The Power of Words-
Constantly throughout the novella, the power of words is apparent. Kurtz acts as a symbol throughout the first two sections of the book. Only the stories of Kurtz are important, and Marlow becomes obsessed with the idea of hearing Kurtz. Also throughout the novella, the storyline is framed as a story within a story. The words of Marlowe first goes through the unnamed narrator, who s transfixed by the storytelling. The power of words also helps to support Kurtz’s control of the natives; he acts as a god to them and is even admired to the point of worship by the Harlequin Russian.
The Hypocrisy of Imperialism-
Though the Pilgrims constantly refer to their gain of ivory as “trade” and their suppression of the Africans as “civilizing”, Marlow can see that their facade hides their hypocritical violence. The Pilgrims call their activities “colonialism”; however, it is closer t Imperialism. Kurtz, however, is the complete opposite. He is blatantly obvious in his violence and brutality towards the natives. The question then becomes whether or not hypocrisy is worse than blatant violence. While Kurtz represented the darkness and evil of humanity, he was merely representation of the company’s true intentions. However, his honesty leads to his downfall, as the company worries that his tactics will expose their evil. The fact that the Pilgrims constantly perform work with no results and with seemingly no purpose only enhances the hypocrisy of their system. At the very least, Kurtz is the most efficient of the people.
The Hollowness of Civilization-
Heart of Darkness portrays a European civilization that is hopelessly and blindly corrupt. The novella depicts European society as hollow at the core: Marlow describes the white men he meets in Africa, from the General Manager to Kurtz, as empty, and refers to the unnamed European city as the “sepulchral city” (a sepulcher is a hollow tomb). The General Manager’s concern for Kurtz is obviously faked. He has to try to save the sick Kurtz because it would look bad if he didn’t, but as long as he has an excuse (the sunken steamship) to avoid helping Kurtz, he’ll take it. The Brickmaker has a job he never does: the essence of hollowness, hypocrisy, and inefficiency. Throughout the novella, Marlow argues that what Europeans call “civilization” is superficial, a mask created by fear of the law and public shame that hides a dark heart, just as a beautiful white sepulcher hides the decaying dead inside. Marlow, and Heart of Darkness, argue that in the African jungle—“utter solitude without a policeman”—the civilized man is plunged into a world without superficial restrictions, and the mad desire for power comes to dominate him. Inner strength could allow a man to push off the temptation to dominate, but civilization actually saps this inner strength by making men think it’s unnecessary. The civilized man believes he’s civilized through and through.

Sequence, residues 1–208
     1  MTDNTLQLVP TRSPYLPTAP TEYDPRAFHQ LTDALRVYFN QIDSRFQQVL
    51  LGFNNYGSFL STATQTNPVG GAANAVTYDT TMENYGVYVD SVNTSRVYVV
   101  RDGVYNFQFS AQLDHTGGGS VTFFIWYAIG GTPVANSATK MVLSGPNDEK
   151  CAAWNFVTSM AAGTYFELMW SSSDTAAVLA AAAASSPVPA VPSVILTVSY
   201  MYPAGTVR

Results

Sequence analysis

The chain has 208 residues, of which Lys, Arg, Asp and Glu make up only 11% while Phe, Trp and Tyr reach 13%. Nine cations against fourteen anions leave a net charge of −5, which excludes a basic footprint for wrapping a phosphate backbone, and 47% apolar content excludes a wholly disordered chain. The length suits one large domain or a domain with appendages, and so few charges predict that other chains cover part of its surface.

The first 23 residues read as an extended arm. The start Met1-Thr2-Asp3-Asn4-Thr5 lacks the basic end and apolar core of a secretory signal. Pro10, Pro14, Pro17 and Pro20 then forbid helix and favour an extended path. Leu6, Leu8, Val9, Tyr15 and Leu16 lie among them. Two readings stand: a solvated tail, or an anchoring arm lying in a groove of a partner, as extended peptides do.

Good vs Evil – Light vs Dark
Much of Heart of Darkness is concerned with Marlow’s struggle to maintain his sense of morality as power conspiracies rage all around him and the mysterious figure of Kurtz attracts his curiosity. Marlow’s desire to do good grows increasingly futile as he is plunged into a world where no absolute goodness exists and the best he can do is choose between a selection of nightmares. Eventually, we see that the characters become unable to distinguish between good and evil. Conrad illustrates this moral ambiguity with light and darkness imagery that often blends together.
Absurdity of Evil –
This novella portrays the absurdity of evil through many characters and occurrences. The most profound comes from the ironic encounter with the pilgrims and the savages on the way to Kurtz’s station. Marlow notices that the savages actually behaved more civilized than the pilgrims did, since they decided to throw the dead body overboard while the savages distressed a proper burial. Through the use of this theme the novella displays the idea that there is only one choice between the lesser of two evils. The idealistic Marlow is forced to align himself with either the hypocritical colonial bureaucracy or the wild Kurtz, it becomes increasingly clear that to try to judge either alternative is an act of foolishness. The number of ridiculous situations Marlow witnesses act as reflections of the larger issue: at one station, for instance, he sees a man trying to carry water in a bucket with a large hole in it. At the Outer Station, he watches native laborers blast away at a hillside with no particular goal in mind. These absurdities involve both insignificant stupidity and life-or-death issues.
-Savannah and Jaime